Robert Reich, one of the nation’s leading experts on work and the economy, is Chancellor’s Professor of Public Policy at the Goldman School of Public Policy at the University of California at Berkeley. He has served in three national administrations, most recently as secretary of labor under President Bill Clinton. Time Magazine has named him one of the ten most effective cabinet secretaries of the last century. He has written 13 books, including his latest best-seller, “Aftershock: The Next Economy and America’s Future;” “The Work of Nations,” which has been translated into 22 languages; and his newest, an e-book, “Beyond Outrage.” His syndicated columns, television appearances, and public radio commentaries reach millions of people each week. He is also a founding editor of the American Prospect magazine, and Chairman of the citizen’s group Common Cause. His new movie "Inequality for All" is in Theaters. His widely-read blog can be found at www.robertreich.org. More Robert Reich.
Nelson Mandela and his wife Winnie in this undated file picture.
Mandela is accompanied by his former wife Winnie, moments after his release from prison February 11, 1990 after serving 27 years in jail. (Reuters)
In this February, 1990 photo, shortly after his release from 27 years in prison, Nelson Mandela, gives the black power salute to the 120,000 supporters packing Soccer City stadium in Soweto, near Johannesburg. (AP Photo)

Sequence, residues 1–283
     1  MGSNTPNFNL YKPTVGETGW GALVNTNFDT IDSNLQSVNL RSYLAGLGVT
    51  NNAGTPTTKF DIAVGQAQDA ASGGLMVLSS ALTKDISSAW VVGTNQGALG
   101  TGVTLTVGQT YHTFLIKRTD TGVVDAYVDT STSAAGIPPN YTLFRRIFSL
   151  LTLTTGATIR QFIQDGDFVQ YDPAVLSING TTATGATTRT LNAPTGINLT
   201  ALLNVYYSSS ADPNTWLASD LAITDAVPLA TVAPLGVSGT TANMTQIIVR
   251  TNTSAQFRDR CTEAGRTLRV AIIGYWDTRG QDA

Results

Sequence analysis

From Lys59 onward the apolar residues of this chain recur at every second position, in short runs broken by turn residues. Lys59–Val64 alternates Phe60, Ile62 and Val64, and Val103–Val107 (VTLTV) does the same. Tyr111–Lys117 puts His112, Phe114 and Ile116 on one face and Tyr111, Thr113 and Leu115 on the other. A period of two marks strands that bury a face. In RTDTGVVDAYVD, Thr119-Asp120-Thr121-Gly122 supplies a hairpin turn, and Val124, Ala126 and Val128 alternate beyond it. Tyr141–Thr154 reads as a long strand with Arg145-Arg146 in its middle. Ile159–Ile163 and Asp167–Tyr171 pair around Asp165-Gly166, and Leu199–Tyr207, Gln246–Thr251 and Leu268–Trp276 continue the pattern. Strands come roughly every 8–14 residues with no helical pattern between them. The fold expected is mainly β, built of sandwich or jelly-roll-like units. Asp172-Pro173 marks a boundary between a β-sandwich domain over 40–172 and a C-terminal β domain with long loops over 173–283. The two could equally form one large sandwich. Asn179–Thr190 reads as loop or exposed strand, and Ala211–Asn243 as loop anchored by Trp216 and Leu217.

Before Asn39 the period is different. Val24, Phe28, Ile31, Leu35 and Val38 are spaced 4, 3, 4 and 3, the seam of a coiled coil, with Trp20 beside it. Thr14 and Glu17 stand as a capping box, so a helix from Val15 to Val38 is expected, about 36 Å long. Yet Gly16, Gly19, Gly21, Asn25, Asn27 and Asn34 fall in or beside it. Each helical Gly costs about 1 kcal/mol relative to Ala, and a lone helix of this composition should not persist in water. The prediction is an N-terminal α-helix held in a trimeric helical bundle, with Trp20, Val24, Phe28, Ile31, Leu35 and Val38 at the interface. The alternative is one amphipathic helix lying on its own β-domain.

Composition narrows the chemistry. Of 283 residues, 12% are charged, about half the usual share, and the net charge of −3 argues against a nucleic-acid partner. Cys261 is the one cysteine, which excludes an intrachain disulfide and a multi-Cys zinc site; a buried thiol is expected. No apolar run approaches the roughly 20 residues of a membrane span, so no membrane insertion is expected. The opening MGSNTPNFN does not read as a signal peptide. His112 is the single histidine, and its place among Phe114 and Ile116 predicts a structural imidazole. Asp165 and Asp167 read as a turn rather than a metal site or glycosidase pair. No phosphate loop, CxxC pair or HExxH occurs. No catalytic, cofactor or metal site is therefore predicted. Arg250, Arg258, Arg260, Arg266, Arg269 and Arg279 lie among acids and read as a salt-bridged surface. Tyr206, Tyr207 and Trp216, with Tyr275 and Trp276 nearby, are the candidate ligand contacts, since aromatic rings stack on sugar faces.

Nelson Mandela showed his passport in February 19, 1990, shortly after his release from prison. The South African government authorized an application for himself and his wife Winnie - (Juda Ngwenya / Reuters)
In this July 27, 1991 photo, Cuban President Fidel Castro, and Nelson Mandela gesture during the celebration of the "Day of the Revolution" in Matanzas, Cuba. (AP Photo)
In this July 4, 1993 photo, President Bill Clinton and Nelson Mandela listen during Fourth of July ceremonies in Philadelphia during which Clinton presented the Philadelphia Liberty Medal to the African National Congress president and South African President F.W. de Klerk. (AP Photo/Greg Gibson)
President of the African National Congress Nelson Mandela acknowledges cheers from the crowd as he prepares to unveil the ANC's official election platform in 1994. (AP Photo/David Brauchli)
African National Congress (ANC) leader Nelson Mandela greeted residents of Mmabatho in March 1994, during a visit after the nominal homeland came under South African control following the ousting of the former President Lucas Mangope. (Reuters/Howard Burditt)
South African President Nelson Mandela smiles with actor Sidney Poitier at a press conference in Cape Town in 1996. Poitier played Mandela in the film "One Man, One Vote" (AP Photo / Sasa Kralj)
South African President Nelson Mandela waves to crowds as he sits next to Queen Elizabeth II in a an open carriage on the way to Buckingham Palace.(AP/Louisa Buller)
Chairman of the Constitutional Assembly Cyril Ramaphosa, left, holds up a copy of the country's constitution which was signed by President Nelson Mandela, in December 1996. (AP Photo / Adil Bradlow / POOL)
Nelson Mandela at a news conference in Johannesburg in February 2000. (AP Photo / Denis Farrell)
South African rugby captain Francois Pienaar, right, received the Rugby World Cup trophy from President Nelson Mandela also wearing a South African rugby shirt, after South Africa defeated New Zealand in the Rugby World Cup , in 1995. (AP Photo / Ross Setford)